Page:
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Tea bags, powdered or loose – does it matter?

Tea has been a cherished beverage for centuries, enjoyed for its exotic and diverse flavours, as well as its spiritual and health benefits. However, it’s important to understand that the way we choose to prepare and consume tea can have significant impact on our health.

In this article, we’ll delve into the upsides and downsides of three popular methods: teabags, fresh tea leaves, and powdered tea.


Teabags have long been the convenient go-to for tea lovers worldwide. Almost all grocery store tea brands are in conventional tea bags, and many brands don’t describe in much detail what they’re made of.

Plastic teabags increase the chances of ingesting microplastics or other unwanted nanoparticles, as small plastic chips are more likely to break-off into the hot tea while brewing. Microplastics and nanoparticles have been linked to chronic inflammation, increased risk of cancer, obesity, infertility, asthma, and lung disease.

Paper teabags, unfortunately are potentially unsafe. Paper teabags are often treated with a chemical called epichlorohydrine, a compound found in pesticides that becomes active when in contact with hot water. Epichlorohydrine has been shown to cause lung cancer in humans and cause nasal cavity and skin cancer in animals, as well as decreased fertility in males.

Mesh teabags tend to be made with a variety of plastics including PVC, thermoplastic, viscose rayon, and most commonly, food grade nylon or polyethylene terephthalate (PET). PET is a known endocrine disruptor and potential carcinogen.

Commercial teabags usually contain lower-grade tea leaves, called “tea dust,” affecting the overall flavour, herbal composition, and aroma. A common example is nettle (Urtica dioica). Commercial nettle tea is often thin, light amber in colour with a very mild taste. Authentic, loose-leaf nettle is dark green and slightly thicker than most teas, with a mild to strong taste depending on how concentrated it is. To compensate for the loss in quality, commercial tea companies often add artificial flavourings, perfumes and sweeteners to tea bags to approximate the natural scents from authentic loose tea.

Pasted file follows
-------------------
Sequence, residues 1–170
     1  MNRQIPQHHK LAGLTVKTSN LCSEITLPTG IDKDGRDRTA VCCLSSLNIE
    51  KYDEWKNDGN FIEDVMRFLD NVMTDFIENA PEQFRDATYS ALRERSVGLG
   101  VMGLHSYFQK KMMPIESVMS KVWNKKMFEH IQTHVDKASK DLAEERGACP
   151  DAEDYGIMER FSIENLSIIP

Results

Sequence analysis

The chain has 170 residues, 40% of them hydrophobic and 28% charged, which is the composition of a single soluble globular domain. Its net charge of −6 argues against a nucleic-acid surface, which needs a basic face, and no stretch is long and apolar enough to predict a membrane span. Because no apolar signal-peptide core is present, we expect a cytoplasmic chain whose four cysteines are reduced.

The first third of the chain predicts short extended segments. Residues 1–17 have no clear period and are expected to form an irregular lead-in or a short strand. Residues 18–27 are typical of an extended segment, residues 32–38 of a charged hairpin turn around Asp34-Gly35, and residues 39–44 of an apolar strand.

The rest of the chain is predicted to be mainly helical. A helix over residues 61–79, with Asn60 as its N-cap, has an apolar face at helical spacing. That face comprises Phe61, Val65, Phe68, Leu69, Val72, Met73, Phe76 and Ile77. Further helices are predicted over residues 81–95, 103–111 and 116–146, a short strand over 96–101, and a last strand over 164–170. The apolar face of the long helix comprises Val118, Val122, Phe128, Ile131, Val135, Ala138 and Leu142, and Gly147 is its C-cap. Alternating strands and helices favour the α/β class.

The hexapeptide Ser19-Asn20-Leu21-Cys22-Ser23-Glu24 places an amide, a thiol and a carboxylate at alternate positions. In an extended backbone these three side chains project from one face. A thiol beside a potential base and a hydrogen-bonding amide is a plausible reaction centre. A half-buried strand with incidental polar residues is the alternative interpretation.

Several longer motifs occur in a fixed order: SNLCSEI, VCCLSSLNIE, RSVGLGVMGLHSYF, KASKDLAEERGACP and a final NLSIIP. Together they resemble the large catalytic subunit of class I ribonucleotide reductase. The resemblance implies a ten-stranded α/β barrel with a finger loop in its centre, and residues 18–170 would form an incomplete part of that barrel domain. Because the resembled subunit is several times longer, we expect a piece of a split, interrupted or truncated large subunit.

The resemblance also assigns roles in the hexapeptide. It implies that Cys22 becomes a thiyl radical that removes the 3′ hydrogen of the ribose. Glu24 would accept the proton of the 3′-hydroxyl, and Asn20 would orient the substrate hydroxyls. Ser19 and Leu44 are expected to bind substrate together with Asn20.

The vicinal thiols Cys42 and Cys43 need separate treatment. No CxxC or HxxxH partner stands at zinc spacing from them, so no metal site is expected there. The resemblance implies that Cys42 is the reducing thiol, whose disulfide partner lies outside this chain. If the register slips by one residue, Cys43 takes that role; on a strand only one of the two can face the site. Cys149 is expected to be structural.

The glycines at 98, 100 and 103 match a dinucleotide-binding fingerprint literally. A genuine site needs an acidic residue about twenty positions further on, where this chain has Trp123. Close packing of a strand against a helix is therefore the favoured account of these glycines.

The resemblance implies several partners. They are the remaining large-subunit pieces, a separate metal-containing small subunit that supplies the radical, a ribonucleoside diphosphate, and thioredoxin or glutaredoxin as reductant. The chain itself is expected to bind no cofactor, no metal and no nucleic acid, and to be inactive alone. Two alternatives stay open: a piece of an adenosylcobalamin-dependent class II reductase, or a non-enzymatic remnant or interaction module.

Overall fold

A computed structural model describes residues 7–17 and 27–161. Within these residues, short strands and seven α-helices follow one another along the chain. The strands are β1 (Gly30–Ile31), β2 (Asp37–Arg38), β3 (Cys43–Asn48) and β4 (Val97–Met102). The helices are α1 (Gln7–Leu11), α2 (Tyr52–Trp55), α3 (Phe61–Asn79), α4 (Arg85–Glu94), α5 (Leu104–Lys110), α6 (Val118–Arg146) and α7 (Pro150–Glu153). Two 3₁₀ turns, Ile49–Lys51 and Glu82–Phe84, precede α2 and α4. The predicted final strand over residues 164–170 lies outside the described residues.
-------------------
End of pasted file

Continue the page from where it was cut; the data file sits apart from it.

Additionally, along with the worrisome health and quality concerns from teabag use, many teabags are made from non-biodegradable materials, contributing to ecological toxicity, especially that of environmental microplastics.

Powdered Tea:

Powdered tea, such as matcha or spearmint, have gained popularity due to the intensity of flavour. These teas are made using low pressure to extract liquid from fresh tea leaves, and then the liquid is freeze dried to form a powder.

Though this process retains the taste of the tea, there are studies that show that it may reduce some antioxidant activity. And for tonic herbs (nourishing herbs to the body) this diminishes some of the overall benefits.

Additionally, many commercial powdered teas contain artificial sweeteners and preservatives, as well as high amounts of fluoride. Fluoride causes many health issues, including arthritis, bone damage, fatigue, heart, kidney, and liver issues.

Organic, whole leaf powdered teas have higher nutrient levels, and have been proven to retain many of their antioxidant, anti-inflammatory and overall health benefits, but can be more expensive than traditional loose leaf tea options.

Fresh Tea Leaves:

Fresh tea leaves provide an authentic tea experience at a fraction of the cost. Using fresh tea leaves allows for higher quality tea, resulting in superior flavour, nutrient composition, and aroma. The number of leaves and brewing time can be adjusted according to personal preferences, herbal synergy, and potency, allowing for a customised and luxurious tea experience.

But be wary of brands with additional additives, such as artificial sweeteners or preservatives (like sulphites). Unflavoured, organic loose tea is the best form for health.

Dried, loose tea does have a long shelf-life, lasting up to 12 months if stored safely – away from air, heat, light, or moisture. The best way to store loose tea is in an airtight container in a cool, dark place.

Also, loose tea is often packaged in eco-friendly materials, reducing the environmental impact of commercial teas. Buying fresh tea also supports local herbalists and growers, sustaining the local economy.


Though teabags and powdered teas offer convenience, you should be aware that you are often drinking more than you bargained for!

Fresh loose tea leaves provide a high-quality, health promoting and customisable experience, allowing you to savour each sip without worrying about microplastics, pesticides, preservatives, or additives.

To learn more about herbal combinations and how to prepare teas, consider studying a Naturopathic Diploma in Herbal Medicine at CNM!

Written by Charlee Martin

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Blog/Article content reflects the author's research and diverse opinions, not necessarily CNM's views. Items may not be regularly updated, so represent the best available understanding at the time of publication.

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